By Margaret Yang, CMC Markets
Britain’s manufacturing PMI came out far below expectation on last Friday, a sign that the UK’s economy is probably facing downward pressure one month after the vote to leave the EU. The PMI data dropped to 7-year low to 49.1 as compared to the forecast of 50.0. A reading below 50.0 usually suggests industry contraction.
The UK service PMI was also discouraging – a 47.2 reading was far below the consensus forecast of 49.2, adding concerns over the economic outlook. Sterling fell over 100 pips against USD right after this announcement.
Most of Asia’s emerging currencies edged up on Friday as optimism on the BOJ’s stimulus plan started to fade. The Chinese yuan is on track for its largest weekly gain after the offshore CNH touched a six-year low of 6.70 against USD early this week. The Chinese central bank set the mid-point of onshore renminbi 300 points higher last Wednesday despite a stronger US dollar, which proved their determination to defend the yuan from falling too fast.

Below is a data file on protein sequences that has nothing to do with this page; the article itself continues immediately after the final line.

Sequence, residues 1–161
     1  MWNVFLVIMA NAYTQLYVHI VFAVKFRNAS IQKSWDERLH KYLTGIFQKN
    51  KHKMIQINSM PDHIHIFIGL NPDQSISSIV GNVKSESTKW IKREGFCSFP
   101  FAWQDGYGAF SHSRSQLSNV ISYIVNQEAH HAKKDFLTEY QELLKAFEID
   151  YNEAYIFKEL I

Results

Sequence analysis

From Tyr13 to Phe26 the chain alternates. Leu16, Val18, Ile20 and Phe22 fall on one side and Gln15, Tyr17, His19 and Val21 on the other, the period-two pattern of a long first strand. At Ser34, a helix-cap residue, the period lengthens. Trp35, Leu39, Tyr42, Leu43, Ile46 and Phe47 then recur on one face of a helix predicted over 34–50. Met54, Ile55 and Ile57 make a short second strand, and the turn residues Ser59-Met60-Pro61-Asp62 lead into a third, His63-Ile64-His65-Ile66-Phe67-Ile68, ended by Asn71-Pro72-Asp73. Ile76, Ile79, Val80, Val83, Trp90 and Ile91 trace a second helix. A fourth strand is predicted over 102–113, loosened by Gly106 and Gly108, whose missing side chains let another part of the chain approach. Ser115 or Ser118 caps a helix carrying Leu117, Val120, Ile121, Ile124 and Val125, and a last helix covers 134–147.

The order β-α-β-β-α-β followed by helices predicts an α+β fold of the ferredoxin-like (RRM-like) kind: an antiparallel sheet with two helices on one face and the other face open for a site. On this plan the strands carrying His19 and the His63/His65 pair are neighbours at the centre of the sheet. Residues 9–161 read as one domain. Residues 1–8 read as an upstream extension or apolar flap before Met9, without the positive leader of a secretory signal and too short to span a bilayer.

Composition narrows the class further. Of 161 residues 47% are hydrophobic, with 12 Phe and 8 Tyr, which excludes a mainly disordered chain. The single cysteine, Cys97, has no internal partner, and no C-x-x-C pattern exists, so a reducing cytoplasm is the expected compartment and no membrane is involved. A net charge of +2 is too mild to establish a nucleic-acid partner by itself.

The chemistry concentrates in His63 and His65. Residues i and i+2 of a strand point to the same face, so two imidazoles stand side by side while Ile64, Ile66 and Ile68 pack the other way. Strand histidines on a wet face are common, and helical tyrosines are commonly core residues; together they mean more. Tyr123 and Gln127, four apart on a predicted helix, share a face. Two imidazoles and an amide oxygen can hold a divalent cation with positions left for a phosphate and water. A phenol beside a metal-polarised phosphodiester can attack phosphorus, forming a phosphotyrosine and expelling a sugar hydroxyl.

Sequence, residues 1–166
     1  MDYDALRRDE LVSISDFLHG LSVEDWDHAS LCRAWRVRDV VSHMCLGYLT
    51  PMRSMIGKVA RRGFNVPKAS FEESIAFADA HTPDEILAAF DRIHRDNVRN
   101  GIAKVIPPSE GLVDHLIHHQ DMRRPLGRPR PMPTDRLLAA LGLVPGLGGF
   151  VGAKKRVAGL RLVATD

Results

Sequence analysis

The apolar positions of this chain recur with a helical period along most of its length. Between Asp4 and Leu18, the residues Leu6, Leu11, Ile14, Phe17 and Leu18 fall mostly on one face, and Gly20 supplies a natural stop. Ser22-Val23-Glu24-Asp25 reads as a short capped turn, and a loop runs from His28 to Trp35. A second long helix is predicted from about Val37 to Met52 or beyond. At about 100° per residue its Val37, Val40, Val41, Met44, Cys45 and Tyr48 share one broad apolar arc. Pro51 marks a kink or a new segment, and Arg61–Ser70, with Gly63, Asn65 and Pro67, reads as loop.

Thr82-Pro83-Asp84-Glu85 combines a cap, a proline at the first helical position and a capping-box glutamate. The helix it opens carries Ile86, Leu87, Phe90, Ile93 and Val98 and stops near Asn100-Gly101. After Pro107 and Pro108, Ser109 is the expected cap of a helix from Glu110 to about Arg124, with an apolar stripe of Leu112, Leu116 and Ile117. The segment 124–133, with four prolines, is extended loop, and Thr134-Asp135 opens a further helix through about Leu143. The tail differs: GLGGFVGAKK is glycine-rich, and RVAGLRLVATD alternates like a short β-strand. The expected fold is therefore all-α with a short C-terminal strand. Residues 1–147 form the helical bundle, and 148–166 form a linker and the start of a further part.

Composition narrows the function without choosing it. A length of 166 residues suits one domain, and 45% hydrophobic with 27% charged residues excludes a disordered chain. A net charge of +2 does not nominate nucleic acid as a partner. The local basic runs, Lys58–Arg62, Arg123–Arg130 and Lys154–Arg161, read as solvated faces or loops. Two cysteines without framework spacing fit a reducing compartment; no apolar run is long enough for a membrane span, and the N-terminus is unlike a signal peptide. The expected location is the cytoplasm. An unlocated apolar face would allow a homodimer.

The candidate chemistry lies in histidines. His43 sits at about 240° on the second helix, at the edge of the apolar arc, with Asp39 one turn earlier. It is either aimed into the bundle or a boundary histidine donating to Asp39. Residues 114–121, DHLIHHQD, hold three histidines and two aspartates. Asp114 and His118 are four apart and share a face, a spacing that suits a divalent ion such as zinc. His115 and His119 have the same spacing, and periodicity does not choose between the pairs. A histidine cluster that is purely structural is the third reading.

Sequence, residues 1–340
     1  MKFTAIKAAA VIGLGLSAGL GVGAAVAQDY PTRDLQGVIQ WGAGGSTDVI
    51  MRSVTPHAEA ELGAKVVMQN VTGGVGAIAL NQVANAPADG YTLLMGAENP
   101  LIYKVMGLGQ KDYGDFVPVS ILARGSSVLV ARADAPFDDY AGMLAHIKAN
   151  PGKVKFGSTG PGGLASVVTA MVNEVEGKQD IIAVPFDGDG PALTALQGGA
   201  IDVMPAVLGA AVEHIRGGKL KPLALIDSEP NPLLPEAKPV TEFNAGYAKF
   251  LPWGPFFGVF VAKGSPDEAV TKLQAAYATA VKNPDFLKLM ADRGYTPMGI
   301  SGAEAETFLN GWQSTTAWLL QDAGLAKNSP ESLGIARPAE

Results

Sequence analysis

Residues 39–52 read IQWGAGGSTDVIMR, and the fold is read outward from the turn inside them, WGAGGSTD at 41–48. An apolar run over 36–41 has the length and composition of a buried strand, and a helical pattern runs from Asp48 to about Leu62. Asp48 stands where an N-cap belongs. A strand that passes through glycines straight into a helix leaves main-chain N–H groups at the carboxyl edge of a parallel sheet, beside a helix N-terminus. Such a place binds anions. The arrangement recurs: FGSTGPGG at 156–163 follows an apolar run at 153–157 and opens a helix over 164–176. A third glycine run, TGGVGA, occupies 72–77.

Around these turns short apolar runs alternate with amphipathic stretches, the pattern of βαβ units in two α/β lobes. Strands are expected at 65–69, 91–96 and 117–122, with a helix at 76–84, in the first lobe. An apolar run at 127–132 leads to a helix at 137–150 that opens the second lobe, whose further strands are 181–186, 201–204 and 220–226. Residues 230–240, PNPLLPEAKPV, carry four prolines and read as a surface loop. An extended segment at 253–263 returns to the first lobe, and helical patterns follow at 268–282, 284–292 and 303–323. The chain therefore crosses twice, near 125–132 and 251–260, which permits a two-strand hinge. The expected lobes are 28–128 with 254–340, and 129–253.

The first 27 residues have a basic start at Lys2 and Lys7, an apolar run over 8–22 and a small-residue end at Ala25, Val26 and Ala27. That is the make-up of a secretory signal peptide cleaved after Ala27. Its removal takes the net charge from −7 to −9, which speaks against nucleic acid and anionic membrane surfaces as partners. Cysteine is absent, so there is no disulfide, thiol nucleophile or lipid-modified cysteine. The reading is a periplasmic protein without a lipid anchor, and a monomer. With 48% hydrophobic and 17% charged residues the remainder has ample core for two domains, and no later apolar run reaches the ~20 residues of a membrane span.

Crude oil declined as Iraq crude exports are on the rise whereas the glut in petroleum persists. The WTI crude oil Sep contract fished at a three month low of $44.25. The immediate support level is around $43.75 area.
US corporate earnings saw more positive surprises than negative ones, but valuation of the S&P 500 index stands at the highest level since 2009. A dovish FOMC statement and robust US economic indicators are very much needed to support this rally.
The US dollar strengthened against its major peers: JPY, GBP and EUR. A stronger dollar index weighed on gold and silver prices. However, the upcoming FOMC meeting and BOJ decision this week may heighten the market risks and lead to rising uncertainty. Perceived safe-haven assets including treasuries, gold and silver may end the consolidation phase sooner than expected.
Volatility Index Aug 2016
Margaret Yang Yan, CFA, is a market analyst for CMC Markets Singapore.